Category Archives: wonder

Under the Magnolia.

I came across this poem this morning while reading one of my favorite blogs.  It was timely because in my graduate class this week we were discussing poetry and I realized how much I had been missing it lately.  There is no other form that can capture so much with so little and, like the nerdy English teacher that I am, it hurts my soul that it is such a misunderstood genre.  I try to teach my students that poetry is one of the most powerful ways to share their voice–it distills the most power and leaves out the unnecessary that clogs so many texts.  

I’ve been talking with some people lately–and even in my last post–about living thankfully and gratefully, especially for the intangible.  This poem made me stop and think and breathe.  And it makes me want to write.  

Under the Magnolia by Carolyn Miller

I give thanks because I do not have
a great sorrow. My village has not
burned, my child has not died, my body
is not ravaged. I sit here on the ground
lucky, lucky. Somewhere, villages are burning,
somewhere, not too far away, children
are dying; in this great urban park
painstakingly constructed over sand dunes,
people live in the flowering bushes. But
just here, in front of me, is a bride and groom;
here is a child running with
a red ball; another child is rolling on
the grass. All I have to do is to decide
how much fear to let inside my heart
in this fragile, created place, this bowl of grass
surrounded by palms and cypresses and
shaggy-barked cedars and trees
whose names I do not know, long fronds
falling, clusters of lilac fruits depending like
bouquets. All we can do is trust
that we belong here with the flowers: white
iris and Iceland poppies, a blur
of primroses, beds where flowers are
a crowd of color, where they close in the dark,
where the first light finds them starred
with dew. The trees seem to know
what I do not know; even the cultivated grass
understands some chain of being I can only
guess at, whether it is God’s mind, or
the erotic body of the Goddess, or some
abstract kind of love, or
some longing for existence that includes
the fern trees, the new buds of cones on the
conifers, the white butterflies, the skating boys,
the hooked new buds of the magnolia
that look like claws holding on
to life, the curved thick petals of magnolia
in the grass, some gone to rust, some creased,
some streaked, others freckled, others magenta
at the curved stem end, others cracked,
all lined with long veins branching out
to the petal’s edge.

looking for wonder.

This was a timely read so close to The Magicians, in which the main character struggled immensely with finding joy in his life.  Life After God was recommended by my pastor in a sermon over a year ago.  I was fascinated by what he quoted from this fictional story and ordered the book immediately, only to have it sit in my to-read pile for a year.  But, I am glad to have read it in light of both my current mental state and recent reading life.  It seemed to continue the conversations in my mind springing from both places.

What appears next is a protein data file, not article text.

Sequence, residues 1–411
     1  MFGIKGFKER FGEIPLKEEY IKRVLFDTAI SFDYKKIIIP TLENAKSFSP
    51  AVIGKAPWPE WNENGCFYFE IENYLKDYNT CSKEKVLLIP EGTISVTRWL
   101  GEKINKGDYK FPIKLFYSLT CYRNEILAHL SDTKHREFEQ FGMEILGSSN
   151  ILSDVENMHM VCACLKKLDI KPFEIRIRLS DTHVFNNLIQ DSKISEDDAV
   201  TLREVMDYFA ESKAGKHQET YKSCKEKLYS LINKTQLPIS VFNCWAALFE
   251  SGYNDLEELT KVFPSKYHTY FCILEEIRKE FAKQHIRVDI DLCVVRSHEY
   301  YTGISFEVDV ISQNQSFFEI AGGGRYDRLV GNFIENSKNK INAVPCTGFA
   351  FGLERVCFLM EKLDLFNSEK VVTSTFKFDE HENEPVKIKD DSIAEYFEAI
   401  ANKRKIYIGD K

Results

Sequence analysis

The book itself is pocket size, though a couple inches thick. The narrator is a man in his 30s or 40s who is currently separated from his wife and tells his non linear story mostly through vignette-style memories: snapshots of his life and how he got to his current place of thinking, which is filled mostly with sadness a bit of nostalgia.

And then sometimes I think the people to feel saddest for are people who once knew what profoundness was, but who lost or became numb to the sensation of wonder–people who closed the doors that lead us into the secret world–or who had the doors closed for them by time and neglect and decisions made in times of weakness (51).

Wonder reminds me of what it feels like to be truly alive.  I’ve written about it here, and I’m surprised I haven’t written about it more because I would normally describe myself as a person looking out for it.  Though, I think my eye was better trained for wonder in the days when I was writing poetry on a regular basis, so in love with what was in front of me that I couldn’t not try to capture it in words.  That’s the reason that I could relate to this narrator quite a bit: my sense of wonder has been a bit off recently.  It’s the kind of thing I didn’t notice until the symptoms of cynicism started manifesting in my life.

I lost my breath a bit when I read the narrator talking about his wife, scared that I saw a bit of her in myself of late:

She remembers when the world was full of wonder–when life was a strand of magic moments strung together, a succession of mysteries revealed, leaving her feeling as though she was in a trance. She remembers back when all it took to make her feel like she was a part of the stars was to simply talk about things like death and life and the universe.  She doesn’t know how to reclaim that sense of magic anymore (138).

I think it is the magic that helps us get by; the small moments that remind us of what is beautiful and true, that come as a surprise when the rest of life does not feel beautiful.  It petrifies me to think about life without a sense of wonder.  I’ve taken to becoming a tourist in my own town, though, this week, snapping signs-of-life pictures.  I know a lot of people who talk about reclaiming their morning for grounding themselves in truth–and I think I need to reclaim my sense of wonder and breathe deeply and spring seeps in once again.  This must be my response to Quentin, from The Magicians, who blocked off his heart to the point that he was completely blind to wonder.

{sunday-six-thirty-light and signs-of-life outside my window}
{hudson street, west village}
{third street, park slope}